In Brazil, projects such as Fondo Floresta Real stand out. This institution began in 2008 and aims to offset the bank’s carbon emissions in the country. As well as promoting tree planting –in 2011 a total of 63 thousand were planted– the bank monitors its work to observe the benefits for the community over time. Another idea, Projeto Corredor Ecológico, includes Banco Santander Brasil as a founding member and aims to restore 150 thousand hectares of tropical forest in the River Paraíba basin, south of São Paulo.

Hand in hand with academia and researchers. Santander Universities Global Division’s activities, which provides the backbone to Banco Santander’s social activities and allows it to maintain a stable partnership with almost 1,020 academic institutions in 17 countries, includes support to research in all areas that scientists consider of interest, including the environment.

In this context, the bank is backing the Fundación General CSIC’s Projectos Cero on threatened species, and is supporting five studies whose primary aim is to preserve biodiversity. The bank did not hesitate a moment when it came to backing the initiatives selected by the panel of judges. The selected projects are led by researchers Lluís Brotons, from the Centre Tecnológic Forestal de Catalunya (CTFC), Pablo Vargas, from the Real Jardín Botánico de Madrid (CSIC), Annie Marchordom, from the Museo de Ciencias Naturales (CSIC), José Antonio Godoy, from the Estación Biológica de Doñana (CSIC), and Jaime Bosch Pérez, from the Museo Nacional de Ciencias Naturales (CSIC).




Activity of the Instituto de Investigación de Recursos Cinegéticos (IREC). Taking a saliva sample for microbiological analysis. / Photo: courtesy of Santander Universities Global Division.


Banco Santander also sponsors other centres to take forward their ideas in this field. These include the UNESCO professorship of Sustainable Coastal Development at the University of Cádiz, the Instituto de Investigación de Recursos Cinegéticos (IREC), under the Spanish National Research Council (CSIC), and the University of Castile-La Mancha and the Castile-La Mancha Regional Government.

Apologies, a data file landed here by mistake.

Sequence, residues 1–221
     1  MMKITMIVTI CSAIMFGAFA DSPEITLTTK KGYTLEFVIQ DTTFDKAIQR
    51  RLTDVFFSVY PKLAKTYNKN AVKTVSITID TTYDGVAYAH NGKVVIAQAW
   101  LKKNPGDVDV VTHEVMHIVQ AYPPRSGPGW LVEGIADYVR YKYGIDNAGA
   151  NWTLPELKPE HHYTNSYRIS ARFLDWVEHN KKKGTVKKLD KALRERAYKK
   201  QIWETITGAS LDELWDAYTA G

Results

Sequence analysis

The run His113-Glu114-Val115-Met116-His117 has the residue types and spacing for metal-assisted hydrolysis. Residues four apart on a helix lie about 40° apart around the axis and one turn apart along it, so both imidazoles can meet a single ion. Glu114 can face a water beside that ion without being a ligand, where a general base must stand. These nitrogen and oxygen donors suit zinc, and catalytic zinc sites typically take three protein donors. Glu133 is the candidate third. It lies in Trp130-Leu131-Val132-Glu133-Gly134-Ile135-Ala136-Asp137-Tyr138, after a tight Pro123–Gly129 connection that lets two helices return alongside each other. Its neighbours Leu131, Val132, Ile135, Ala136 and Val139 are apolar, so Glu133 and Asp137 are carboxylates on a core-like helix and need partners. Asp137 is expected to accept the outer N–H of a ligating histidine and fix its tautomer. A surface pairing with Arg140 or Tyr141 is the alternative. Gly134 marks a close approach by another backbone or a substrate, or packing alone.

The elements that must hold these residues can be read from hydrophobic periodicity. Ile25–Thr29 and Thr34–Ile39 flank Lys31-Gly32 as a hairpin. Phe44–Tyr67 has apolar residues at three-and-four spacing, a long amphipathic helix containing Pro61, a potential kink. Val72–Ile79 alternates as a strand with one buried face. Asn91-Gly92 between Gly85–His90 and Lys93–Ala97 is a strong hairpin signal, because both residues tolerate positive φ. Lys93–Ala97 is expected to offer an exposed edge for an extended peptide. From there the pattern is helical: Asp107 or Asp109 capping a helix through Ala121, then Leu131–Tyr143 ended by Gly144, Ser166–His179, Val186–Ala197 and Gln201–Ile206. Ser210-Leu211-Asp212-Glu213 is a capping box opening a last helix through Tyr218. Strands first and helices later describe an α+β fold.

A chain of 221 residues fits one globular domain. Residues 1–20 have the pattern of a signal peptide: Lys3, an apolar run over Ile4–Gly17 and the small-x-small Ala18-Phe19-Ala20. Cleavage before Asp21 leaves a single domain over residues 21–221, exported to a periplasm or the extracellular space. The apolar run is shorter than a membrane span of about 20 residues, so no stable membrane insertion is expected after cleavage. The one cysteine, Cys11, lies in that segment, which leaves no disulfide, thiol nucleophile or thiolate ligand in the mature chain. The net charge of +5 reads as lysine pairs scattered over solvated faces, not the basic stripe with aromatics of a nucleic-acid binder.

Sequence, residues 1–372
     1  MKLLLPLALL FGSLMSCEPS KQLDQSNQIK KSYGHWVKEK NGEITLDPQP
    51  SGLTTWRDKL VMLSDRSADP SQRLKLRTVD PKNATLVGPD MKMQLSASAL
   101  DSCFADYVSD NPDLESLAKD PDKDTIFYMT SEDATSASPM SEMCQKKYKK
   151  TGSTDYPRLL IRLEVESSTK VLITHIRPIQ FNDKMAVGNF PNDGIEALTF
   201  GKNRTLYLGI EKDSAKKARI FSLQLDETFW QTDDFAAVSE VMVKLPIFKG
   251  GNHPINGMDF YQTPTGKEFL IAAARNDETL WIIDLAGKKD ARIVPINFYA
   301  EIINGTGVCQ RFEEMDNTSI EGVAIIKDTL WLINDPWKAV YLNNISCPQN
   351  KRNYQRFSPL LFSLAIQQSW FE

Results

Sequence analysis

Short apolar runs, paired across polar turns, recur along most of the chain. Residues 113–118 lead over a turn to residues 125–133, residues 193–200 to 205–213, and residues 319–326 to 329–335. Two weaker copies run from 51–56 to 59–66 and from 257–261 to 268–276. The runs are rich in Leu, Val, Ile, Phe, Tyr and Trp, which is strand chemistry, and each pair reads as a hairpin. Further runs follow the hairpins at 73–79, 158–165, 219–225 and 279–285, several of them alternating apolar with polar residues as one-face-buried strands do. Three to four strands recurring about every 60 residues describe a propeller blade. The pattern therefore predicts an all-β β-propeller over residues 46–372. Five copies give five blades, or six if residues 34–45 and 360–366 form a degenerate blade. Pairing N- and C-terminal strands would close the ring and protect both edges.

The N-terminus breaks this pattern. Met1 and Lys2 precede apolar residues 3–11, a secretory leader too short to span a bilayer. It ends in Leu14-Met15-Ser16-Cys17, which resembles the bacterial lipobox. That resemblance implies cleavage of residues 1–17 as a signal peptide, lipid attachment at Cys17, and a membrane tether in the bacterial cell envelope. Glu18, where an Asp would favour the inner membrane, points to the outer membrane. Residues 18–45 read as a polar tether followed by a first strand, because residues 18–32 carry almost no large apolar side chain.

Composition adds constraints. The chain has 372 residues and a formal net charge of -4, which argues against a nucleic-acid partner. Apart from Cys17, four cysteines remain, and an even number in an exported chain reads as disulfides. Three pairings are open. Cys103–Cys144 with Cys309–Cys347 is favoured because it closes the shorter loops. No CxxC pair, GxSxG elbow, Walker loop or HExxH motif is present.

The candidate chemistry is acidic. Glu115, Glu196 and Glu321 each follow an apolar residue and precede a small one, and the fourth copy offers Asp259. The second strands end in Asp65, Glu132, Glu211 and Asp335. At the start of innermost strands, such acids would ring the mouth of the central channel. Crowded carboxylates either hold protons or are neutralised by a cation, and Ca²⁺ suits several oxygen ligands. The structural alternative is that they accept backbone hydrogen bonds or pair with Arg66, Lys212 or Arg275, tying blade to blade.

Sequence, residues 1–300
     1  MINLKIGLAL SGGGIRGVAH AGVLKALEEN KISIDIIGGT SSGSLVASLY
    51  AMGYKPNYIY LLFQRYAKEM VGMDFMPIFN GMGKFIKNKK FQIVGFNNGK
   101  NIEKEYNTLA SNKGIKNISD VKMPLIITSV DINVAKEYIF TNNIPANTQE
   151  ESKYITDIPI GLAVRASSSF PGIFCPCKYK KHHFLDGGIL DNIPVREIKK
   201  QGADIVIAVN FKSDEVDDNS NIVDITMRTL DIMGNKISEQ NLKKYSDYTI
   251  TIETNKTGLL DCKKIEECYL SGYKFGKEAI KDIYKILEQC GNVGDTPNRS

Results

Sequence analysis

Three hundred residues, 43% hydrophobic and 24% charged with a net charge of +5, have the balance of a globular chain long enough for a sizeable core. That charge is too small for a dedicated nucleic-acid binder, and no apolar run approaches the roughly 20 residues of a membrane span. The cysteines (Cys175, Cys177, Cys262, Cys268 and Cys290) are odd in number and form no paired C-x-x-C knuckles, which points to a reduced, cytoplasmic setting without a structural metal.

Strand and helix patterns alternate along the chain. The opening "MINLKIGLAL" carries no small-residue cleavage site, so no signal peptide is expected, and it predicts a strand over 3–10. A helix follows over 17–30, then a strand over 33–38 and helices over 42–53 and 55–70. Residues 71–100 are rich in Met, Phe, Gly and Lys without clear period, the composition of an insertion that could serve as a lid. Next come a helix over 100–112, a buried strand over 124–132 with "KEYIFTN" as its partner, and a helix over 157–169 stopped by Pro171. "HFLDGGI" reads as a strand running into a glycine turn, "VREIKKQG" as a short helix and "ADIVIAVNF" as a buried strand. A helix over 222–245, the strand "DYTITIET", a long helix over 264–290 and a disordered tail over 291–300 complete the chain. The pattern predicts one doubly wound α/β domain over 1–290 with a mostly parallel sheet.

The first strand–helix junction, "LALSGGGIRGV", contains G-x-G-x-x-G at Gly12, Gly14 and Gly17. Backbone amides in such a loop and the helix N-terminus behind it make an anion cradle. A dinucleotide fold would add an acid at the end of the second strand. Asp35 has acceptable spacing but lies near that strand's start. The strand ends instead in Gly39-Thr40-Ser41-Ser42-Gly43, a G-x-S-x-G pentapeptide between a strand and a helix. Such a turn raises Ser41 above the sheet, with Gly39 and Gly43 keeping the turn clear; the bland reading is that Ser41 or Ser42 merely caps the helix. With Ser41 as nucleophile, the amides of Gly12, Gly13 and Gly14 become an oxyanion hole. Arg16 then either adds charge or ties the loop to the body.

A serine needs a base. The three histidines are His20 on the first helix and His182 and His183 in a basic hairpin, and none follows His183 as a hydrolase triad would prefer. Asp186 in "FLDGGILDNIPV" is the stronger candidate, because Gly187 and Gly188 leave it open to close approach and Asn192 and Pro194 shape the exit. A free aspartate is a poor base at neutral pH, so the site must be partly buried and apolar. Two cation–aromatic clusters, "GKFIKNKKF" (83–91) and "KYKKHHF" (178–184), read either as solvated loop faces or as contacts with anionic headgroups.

Jorge Cassinello, who heads the IREC, the only Spanish research institution with the remit to balance ecology, animal health and animal production, says: “we aim to offer solutions allowing sustainable farming and hunting, in a way that ensures bio­diversity.”

A large part of the work done at IREC deals with aspects of biodiversity conservation and identifies a variety of threats. Cassinello heads a group of researchers who aim to determine the degree of overlap in the behaviour of co­-
existing native and exotic ungulates, and the effect of the latter on native vegetation, with a view to establishing better guidelines for the management of big game species.

Another important study, analysing lead poisoning in protected wetlands, led by Rafael Mateo, has managed to ban the use of lead shot in wetlands, thus protecting the bird species that live in them.

The low selectivity of the trap cages used to control predators is also being studied and alternatives sought, as well as a study of the factors that determine the coexistence of carnivore communities in national parks in the Mediterranean area. These studies, carried out by Pablo Ferreras’s team, were conducted in the hope of the future introduction of the Iberian lynx. These are projects with signifi­cant impacts on the conservation of threatened species, including the wildcat and the otter, as well as the lynx.

Another IREC scholar, Rafael Villafuerte, has spent years studying the dynamics of the European rabbit, one of the cornerstones of the Mediterranean ecosystem, to define measures to protect the species. The line of research led by Pedro Cordero to determine the diversity of orthoptera in the Mediterranean region, in particular in hypersaline lakes, which has enabled new species to be discovered.

In order to preserve bio­diversity, the IREC teams led by Beatriz Arroyo and Javier Viñuela are analysing the protection of threatened species in humanised landscapes, and farming and hunting envir­onments. Cassinello explains that “the majority of human activities bring changes to ecosystem balance and are most often a threat, with the loss of biodiversity this causes. However, some activities can be less harmful if their essence is maintained. This is the case of hunting. If it is based on a rational hunting of species that is respectful of the environment, standing in for the predator in its regulatory role, it can be highly sustainable and even beneficial for the environment.”